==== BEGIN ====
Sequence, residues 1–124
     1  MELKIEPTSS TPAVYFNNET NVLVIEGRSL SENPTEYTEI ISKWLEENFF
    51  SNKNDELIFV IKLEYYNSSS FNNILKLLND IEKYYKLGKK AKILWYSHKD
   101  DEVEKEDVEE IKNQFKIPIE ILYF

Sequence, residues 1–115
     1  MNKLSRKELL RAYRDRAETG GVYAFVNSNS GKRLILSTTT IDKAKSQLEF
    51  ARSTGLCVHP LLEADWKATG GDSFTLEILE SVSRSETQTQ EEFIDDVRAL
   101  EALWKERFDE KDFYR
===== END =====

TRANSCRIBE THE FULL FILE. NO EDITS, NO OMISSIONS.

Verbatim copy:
Sequence, residues 1–124
     1  MELKIEPTSS TPAVYFNNET NVLVIEGRSL SENPTEYTEI ISKWLEENFF
    51  SNKNDELIFV IKLEYYNSSS FNNILKLLND IEKYYKLGKK AKILWYSHKD
   101  DEVEKEDVEE IKNQFKIPIE ILYF

Sequence, residues 1–115
     1  MNKLSRKELL RAYRDRAETG GVYAFVNSNS GKRLILSTTT IDKAKSQLEF
    51  ARSTGLCVHP LLEADWKATG GDSFTLEILE SVSRSETQTQ EEFIDDVRAL
   101  EALWKERFDE KDFYR